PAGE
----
Making sense of Google analytics for bloggers

18 thoughts on “Making sense of Google analytics for bloggers”

  1. Random Q, since you seem to know about this stuff. We use, premium level, which has a pretty decent set of analytics built in, but certainly not GA level. WP says we have to upgrade to business for another $200 (no thanks!) to get GA tied in. Do you know if there’s a way around that? We have the GA code to embed, but WP doesn’t give access to backend the way Blogger does, so I can’t embed the code in every page automatically — I’d have to do it manually on every single post. Again, no thanks! Google has been no help, but you’re a whiz a this stuff, so seemed worth asking. 🙂

    1. Don’t you have ways to edit your template in the css editor from WordPress? you should be able to embed your GA code directly in there, in the header file, which is loaded for every page.
      There’s no way you’d need to pay $200 for such a simple change. Alternatively you should be able to find a free plugin that would do it for you.

      And if you do need to pay $200, instead invest in actual hosting that will give you full control of your site.

    2. They tell you that you gotta upgrade (aka: pay them) in order to use something as simple and *FREE* as Google Analytics? If that’s true, I’d move the heck away from in a heartbeat.

      Can you install custom plugins with Meaning, from your plugins page, click the ‘Add New’ button at the top, and search for a Google Analytics plugin. If you can’t do that, then I’d say you don’t have very much control over your web environment (like StockBeard alluded to). If you can, then you might be able to enable the capability that way. I don’t believe that you have access to your theme’s source files on, so going the plugin route is really the only way to make this work.

      Let me know how it goes. I’m curious.

      1. Thanks, guys. I just did another big Google search on the topic, and it does seem that I’m stuck. I’m $100 into premium on the year (this gives some extra features, but not full CSS control or the ability to add plug-ins). I’ll start looking into self-hosting later in the year so I can switch over before I have to give WP another penny!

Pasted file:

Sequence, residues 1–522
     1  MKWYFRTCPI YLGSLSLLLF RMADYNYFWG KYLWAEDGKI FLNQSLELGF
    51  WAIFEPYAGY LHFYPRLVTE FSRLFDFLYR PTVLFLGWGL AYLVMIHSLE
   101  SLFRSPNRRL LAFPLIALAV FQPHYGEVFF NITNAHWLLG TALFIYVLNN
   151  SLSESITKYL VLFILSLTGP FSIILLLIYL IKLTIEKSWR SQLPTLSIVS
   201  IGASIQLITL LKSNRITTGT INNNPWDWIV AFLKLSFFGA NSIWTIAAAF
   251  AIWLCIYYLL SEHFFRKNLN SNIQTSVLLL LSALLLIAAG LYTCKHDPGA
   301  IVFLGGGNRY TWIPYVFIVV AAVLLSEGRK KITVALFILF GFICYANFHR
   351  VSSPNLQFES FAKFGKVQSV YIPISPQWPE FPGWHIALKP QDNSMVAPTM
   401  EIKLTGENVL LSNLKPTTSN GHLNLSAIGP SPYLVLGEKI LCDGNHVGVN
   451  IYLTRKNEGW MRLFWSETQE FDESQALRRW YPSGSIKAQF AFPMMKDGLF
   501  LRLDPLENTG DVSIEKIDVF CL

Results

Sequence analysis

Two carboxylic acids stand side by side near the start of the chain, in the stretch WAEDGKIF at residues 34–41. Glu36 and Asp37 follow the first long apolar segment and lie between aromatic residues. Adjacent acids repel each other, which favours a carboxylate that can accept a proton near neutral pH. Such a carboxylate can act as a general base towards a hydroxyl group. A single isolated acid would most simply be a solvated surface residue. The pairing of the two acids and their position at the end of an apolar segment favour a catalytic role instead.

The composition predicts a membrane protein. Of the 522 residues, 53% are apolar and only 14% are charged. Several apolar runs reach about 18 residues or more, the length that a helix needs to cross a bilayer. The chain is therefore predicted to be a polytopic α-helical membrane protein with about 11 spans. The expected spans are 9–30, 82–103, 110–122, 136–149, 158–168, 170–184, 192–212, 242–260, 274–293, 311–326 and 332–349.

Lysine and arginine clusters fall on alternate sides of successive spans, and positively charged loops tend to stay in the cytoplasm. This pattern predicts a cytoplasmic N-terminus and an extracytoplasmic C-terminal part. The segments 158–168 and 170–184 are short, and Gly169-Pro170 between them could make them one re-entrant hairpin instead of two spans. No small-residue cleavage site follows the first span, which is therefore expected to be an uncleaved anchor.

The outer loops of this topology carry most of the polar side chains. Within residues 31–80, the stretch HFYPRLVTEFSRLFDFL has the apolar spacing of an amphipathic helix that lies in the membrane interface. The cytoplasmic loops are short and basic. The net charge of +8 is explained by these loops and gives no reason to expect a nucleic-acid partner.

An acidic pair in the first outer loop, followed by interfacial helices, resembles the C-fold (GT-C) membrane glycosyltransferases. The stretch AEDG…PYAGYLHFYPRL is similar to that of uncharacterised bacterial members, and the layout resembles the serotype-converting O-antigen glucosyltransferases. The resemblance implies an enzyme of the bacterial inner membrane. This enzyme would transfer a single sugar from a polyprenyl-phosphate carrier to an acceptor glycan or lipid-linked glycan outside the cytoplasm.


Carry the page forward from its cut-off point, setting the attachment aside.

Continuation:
1. Yup, I just read this page:

          Looks like if you want to take advantage of the freely available Google Analytics capability, you gotta fork over an additional $200/year for the Business Plan, which is complete bullshit and disappoints me, quite frankly, that WordPress makes its customers do that. Even if there is another “back door” way to enable Google Analytics that I’m not aware of, customers shouldn’t need to jump through hoops to find it. GA is free. WordPress should offer it as such.

          Good call on self hosting. There are a TON of good web hosting providers out there that make self-hosting WordPress a snap (Bluehost, Dreamhost, are just a few). They are “shared” hosting providers, which means you are sharing resources with others on the same server, but that *usually* isn’t much of a problem.

          Let me know if you’d like any help when the time comes to move your site.

  2. One thing to note is that different people behave differently for different reasons. I don’t like signing up for email subscriptions, so I check my favorite blogs daily to see if they have an update. If there’s no new post on a given day on the site I’ll immediately close it, which would be counted as a bounceback. That means bouncebacks might just be people are hungry for content!